• Reason, but not too much reason: At a Kinko’s, a customer asked to cut the long line for a copy machine, saying, “Can I jump the line because I need to make copies?” (Duh …) Another used the phrase “Can I jump the line, please?” The result? Ninety-three percent versus 24 percent success, respectively. But providing too many reasons or explanations decreases the power of any one reason. Researchers showed this by asking college students to come up with two or eight reasons why their test load shouldn’t be increased. Those who came up with only two reasons were subsequently much more set against increased testing.
• Streamline: Cut ummm, I mean, isn’t it?, and even the ubiquitous like. All equivocate and detract from the authority of your message. Also cut the overall time of your delivery. Researchers at the University of Sydney found that a long, hesitant pitch nixed sales for a scanner, even when the scanner was better and cheaper than others presented.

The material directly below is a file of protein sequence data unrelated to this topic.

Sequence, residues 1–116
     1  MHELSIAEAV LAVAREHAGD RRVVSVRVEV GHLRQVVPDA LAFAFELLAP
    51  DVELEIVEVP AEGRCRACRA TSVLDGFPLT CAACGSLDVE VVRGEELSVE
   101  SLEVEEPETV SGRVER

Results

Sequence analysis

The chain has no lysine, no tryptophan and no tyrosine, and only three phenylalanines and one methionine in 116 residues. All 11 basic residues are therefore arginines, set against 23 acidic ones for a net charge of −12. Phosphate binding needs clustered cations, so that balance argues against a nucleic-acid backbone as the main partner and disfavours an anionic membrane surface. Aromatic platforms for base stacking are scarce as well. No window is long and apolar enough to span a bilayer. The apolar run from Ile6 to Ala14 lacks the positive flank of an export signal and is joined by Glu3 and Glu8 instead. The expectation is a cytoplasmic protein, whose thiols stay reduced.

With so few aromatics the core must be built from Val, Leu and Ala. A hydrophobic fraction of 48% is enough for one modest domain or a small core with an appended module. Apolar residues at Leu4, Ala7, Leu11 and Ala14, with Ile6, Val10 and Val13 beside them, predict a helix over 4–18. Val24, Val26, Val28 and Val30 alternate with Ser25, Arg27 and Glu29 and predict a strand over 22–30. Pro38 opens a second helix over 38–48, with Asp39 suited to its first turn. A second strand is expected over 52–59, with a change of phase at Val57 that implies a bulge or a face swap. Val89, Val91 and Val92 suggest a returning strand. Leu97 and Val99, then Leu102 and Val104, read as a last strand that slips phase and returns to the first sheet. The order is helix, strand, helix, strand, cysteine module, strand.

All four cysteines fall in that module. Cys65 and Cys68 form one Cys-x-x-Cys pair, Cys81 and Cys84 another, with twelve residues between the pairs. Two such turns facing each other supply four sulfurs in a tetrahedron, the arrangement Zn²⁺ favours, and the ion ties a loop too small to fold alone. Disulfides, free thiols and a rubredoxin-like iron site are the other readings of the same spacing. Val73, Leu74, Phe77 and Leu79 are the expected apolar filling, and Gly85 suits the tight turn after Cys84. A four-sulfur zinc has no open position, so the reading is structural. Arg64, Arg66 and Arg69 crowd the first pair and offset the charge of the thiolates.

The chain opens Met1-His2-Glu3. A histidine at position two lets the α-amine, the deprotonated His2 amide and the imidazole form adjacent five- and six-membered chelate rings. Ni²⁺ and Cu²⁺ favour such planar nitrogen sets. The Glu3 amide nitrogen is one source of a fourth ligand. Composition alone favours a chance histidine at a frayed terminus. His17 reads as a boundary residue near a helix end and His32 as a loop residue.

• Exploit weakness: Resistance requires effort. Hit your target when his defenses are down. Thus the late-night infomercial. Or wait until he’s hungry. If you need immediate results, blitz his mental resources before launching into your persuasion.
• Make it personal: Including a mint with the check increased tips 3.3 percent. When a waiter offered the mints himself, tips increased 14.1 percent. Likewise, researchers found that a handwritten Post-it note requesting a survey’s return generated 39 percent more responses than a typed request. And face-to-face persuasion is much more effective than the same message via phone or e-mail.
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